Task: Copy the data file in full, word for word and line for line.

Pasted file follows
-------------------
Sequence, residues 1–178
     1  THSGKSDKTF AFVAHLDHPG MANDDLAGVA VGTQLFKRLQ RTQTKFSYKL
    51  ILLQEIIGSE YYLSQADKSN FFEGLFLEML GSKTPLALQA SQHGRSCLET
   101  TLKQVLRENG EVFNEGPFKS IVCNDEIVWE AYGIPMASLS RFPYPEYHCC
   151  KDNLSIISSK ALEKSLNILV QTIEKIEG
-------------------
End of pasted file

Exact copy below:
Sequence, residues 1–178
     1  THSGKSDKTF AFVAHLDHPG MANDDLAGVA VGTQLFKRLQ RTQTKFSYKL
    51  ILLQEIIGSE YYLSQADKSN FFEGLFLEML GSKTPLALQA SQHGRSCLET
   101  TLKQVLRENG EVFNEGPFKS IVCNDEIVWE AYGIPMASLS RFPYPEYHCC
   151  KDNLSIISSK ALEKSLNILV QTIEKIEG